- prepared to support fight against stigma and discrimination
With a one percent Human Immunodeficiency Virus (HIV) prevalence, Guyana has done an admirable job in managing its national HIV/AIDS programme. This is the assertion of Resident Representative of the Pan American Health Organisation (PAHO), Dr William Adu-Krow.
“I think a lot has been done to bring the prevalence to where it is and therefore it (the programme) has been managed well,” said Dr Adu-Krow during an interview with this publication. And it was because of such an achievement, he noted, that the United States President Emergency Programme for AIDS Relief (PEPFAR) has been winding down.
According to Dr Adu-Krow, who is relatively new to the position of Resident Representative here, Guyana has been able to do a great deal in terms of raising awareness regarding the facts and myths relating to HIV/AIDS.
However, there is yet work to be done, he noted, since there are persons such as Men who have Sex with Men (MSM) and Commercial Sex Workers (CSW) who are still marginalised in the society.
“Once society doesn’t accept them they hide and therefore it is difficult to treat them,” said Dr Adu-Krow, as he alluded to stigma and discrimination as one of the major issues that has long been threatening to hamper the gains made in the HIV/AIDS fight.
Among those mostly discriminated against, he noted, are those who engage in homosexual lifestyles. He disclosed that while there are organisations, some local, that were established specifically to advocate for the rights of such individuals, there are still some who cannot afford to come into the open for fear of discrimination.
“If they can’t come out to the open, they cannot be treated (if they are infected), if they cannot be treated then the viral load (the amount of HIV in the blood) that they have might be so high that they can transmit the virus,” Dr Adu-Krow observed.
He is therefore of the belief that there may be a great deal of persons still living in the shadows because of their sexual orientation and therefore may not be aware of their HIV status.
Moreover, the PAHO Resident Representative has concluded that “we have got a lot more work to do on this issue of stigma and discrimination, especially with the marginalised population.”
Although many are convinced that homosexual tendencies come down to an individual’s personal choice, there are many who are unwilling to openly reveal their status in light of the fact that such lifestyles could be punishable by existing laws, with men who engage in homosexual relations and cross-dressers being specifically targeted.
But according to Dr Adu-Krow, “if we have incriminating laws whereby if you are a homosexual you can be imprisoned, the people are not going to come out to be tested for you to realise that they are homosexuals who may have HIV too.”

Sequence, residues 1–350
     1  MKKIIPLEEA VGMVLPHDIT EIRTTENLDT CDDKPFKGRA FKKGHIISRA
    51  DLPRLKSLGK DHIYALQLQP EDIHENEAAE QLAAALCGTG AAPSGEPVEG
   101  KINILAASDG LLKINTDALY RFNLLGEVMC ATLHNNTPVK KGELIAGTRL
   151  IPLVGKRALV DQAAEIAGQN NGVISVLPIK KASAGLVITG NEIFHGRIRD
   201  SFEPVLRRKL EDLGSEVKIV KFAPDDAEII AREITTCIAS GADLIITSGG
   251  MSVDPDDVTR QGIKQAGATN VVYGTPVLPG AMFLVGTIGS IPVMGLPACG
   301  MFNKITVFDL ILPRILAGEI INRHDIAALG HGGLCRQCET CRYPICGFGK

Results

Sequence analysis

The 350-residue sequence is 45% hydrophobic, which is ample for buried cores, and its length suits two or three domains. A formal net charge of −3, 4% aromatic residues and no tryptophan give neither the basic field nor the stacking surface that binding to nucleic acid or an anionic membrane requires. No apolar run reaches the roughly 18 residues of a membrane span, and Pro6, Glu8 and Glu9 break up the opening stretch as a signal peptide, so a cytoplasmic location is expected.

There have been continuous calls for the repeal of the existing legislation, a move the PAHO Representative intends to support.
“The advocacy has started, even before I came, because at the last meeting with Global Fund it was decided we needed to look at those laws and see how best legislation can come and assist us, because the more you incriminate them (homosexuals) the more they go underground and their viral load will increase in their system,” disclosed Dr Adu-Krow.
Global Fund is an international financing organisation that disburses resources globally to prevent and treat HIV/AIDS, tuberculosis and malaria. For a number of years, Guyana has been a beneficiary of the Global Fund disbursements.
According to the PAHO Representative, in light of the fact that stigma and discrimination is a hindrance to progress, efforts must be channelled to ensuring that it is not permitted, as far as possible. He made reference to early fights against tuberculosis and leprosy, both of which were affected by stigma and discrimination, thereby resulting in persons refusing to be tested. “Once you open up to these people they feel free to come and get tested and get medications so that they can prevent themselves and other people from getting the disease. So there is no doubt we still have work to do,” Dr Adu-Krow asserted.
Moreover, he is calling for efforts to be made to reach out to religious bodies to help reduce existing levels of stigma and discrimination. He noted that “normally institutions are the last groups to embrace change; individuals do change, but institutions I think are very dogmatic, so we have got to work through churches and gradually get them on board.”
And although churches may not be willing to accept certain lifestyles, Dr Adu-Krow has warned that efforts must be made to guard against shunning persons.
“From a PAHO/WHO standpoint, we need to work with all individuals without discrimination because we know we all have our own choices to make at the end of the day.”